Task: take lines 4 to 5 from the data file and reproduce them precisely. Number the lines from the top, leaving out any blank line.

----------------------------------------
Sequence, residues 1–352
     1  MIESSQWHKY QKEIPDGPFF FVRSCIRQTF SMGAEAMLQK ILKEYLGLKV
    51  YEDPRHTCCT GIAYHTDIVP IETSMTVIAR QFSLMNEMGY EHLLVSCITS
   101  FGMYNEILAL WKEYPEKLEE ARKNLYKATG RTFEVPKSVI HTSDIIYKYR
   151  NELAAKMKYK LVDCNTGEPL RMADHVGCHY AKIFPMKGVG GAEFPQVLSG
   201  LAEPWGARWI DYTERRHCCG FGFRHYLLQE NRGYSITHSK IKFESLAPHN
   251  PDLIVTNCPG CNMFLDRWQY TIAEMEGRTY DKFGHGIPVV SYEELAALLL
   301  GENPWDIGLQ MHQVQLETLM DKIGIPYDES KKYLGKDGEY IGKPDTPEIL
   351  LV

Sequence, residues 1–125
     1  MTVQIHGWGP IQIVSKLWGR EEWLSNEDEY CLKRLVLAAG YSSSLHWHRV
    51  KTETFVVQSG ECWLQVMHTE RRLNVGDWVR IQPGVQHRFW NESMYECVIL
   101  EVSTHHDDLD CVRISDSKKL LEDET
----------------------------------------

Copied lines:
   101  FGMYNEILAL WKEYPEKLEE ARKNLYKATG RTFEVPKSVI HTSDIIYKYR
   151  NELAAKMKYK LVDCNTGEPL RMADHVGCHY AKIFPMKGVG GAEFPQVLSG